The Federal Government has invited the IT industry to participate in a mature age training program that was extended to include those aged between 50 and 55 last month.
The $43 million Experience+ program was launched in June 2010 and offered grants of $4,950 to mature age workers participating in training programs.
On 30 March, the minimum age requirement was lowered from 55 to 50 to address what Minister for Employment Participation Kate Ellis described as an ageing labour force and skills shortages.
A spokesman for Ellis’ Department of Education, Employment and Workplace Relations said the change would likely benefit the IT industry, which had a below-average proportion of mature age workers in 2009.
According to the Department’s 2010 Employment Outlook (pdf), mature age workers comprised 29.4 percent of the Information Media and Telecommunications industry, and 38.5 percent of all industries.
“As the Australian workforce experiences an increase in the median age of the population, it is important that there is a supply of prime age and mature age workers entering the industry,” the spokesman told iTnews this week.
“The IT industry will benefit [from Experience+] as it will enable employers to access funding to provide quality training for their mature age workers, increasing the capacity of these workers to pass on their skills and experience to Australian apprentices and trainees in the workplace.”
Grants were delivered to employers of mature age workers, as well as mature age business owners who employed an Australian apprentice or trainee, as a start-up payment of $3,500 and a completion payment of $1,450.
A majority of funding was to go towards the cost of a Certificate III-level course, or above, to be delivered by a registered training organisation in Australia.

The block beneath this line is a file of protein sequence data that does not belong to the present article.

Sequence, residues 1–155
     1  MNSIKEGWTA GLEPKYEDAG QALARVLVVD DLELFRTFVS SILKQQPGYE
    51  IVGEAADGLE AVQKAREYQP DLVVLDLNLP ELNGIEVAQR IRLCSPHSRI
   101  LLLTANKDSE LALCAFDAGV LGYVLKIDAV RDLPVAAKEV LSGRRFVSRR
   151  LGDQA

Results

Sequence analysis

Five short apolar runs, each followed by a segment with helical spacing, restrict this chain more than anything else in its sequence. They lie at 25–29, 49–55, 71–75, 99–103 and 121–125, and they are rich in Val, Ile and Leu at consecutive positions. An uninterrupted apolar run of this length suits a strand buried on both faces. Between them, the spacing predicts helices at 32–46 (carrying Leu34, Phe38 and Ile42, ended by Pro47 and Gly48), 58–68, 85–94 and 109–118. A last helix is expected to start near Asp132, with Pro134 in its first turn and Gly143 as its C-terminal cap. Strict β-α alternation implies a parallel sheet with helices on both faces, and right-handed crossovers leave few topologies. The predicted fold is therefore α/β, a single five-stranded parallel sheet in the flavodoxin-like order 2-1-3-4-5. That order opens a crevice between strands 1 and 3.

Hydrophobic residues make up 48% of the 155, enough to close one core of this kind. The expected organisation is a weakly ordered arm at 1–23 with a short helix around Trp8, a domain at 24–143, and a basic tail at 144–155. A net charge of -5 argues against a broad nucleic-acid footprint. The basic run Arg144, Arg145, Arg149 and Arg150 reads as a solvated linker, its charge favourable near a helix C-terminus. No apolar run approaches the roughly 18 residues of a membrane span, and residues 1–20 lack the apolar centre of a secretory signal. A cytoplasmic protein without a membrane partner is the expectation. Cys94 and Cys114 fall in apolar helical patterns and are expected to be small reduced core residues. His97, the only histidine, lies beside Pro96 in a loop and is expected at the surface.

TAFE offered Certificate III and IV courses in applications, communications, networking, programming, IT support, website design and administration.
Remaining funds could be used for administrative expenses, supporting the business while the working was in training, relevant licences, and additional training below the Certificate III level.
Citing research from the National Centre for Vocational Education and Training, the departmental spokesman said there was “clear evidence” that mature age training and education improved productivity.
He noted that employers stood to gain from training mature age workers, as those workers tended to stay in their jobs for longer than other workers.
“The willingness of Australians to work for longer is a strength that we need to harness and ensuring that mature workers are properly supported is central to addressing the challenge of an ageing population,” Ellis stated last month.
“This year, the first of the baby-boomer generation becomes eligible for the aged pension. The time for talking about the future ageing of our population is over – it is happening now.”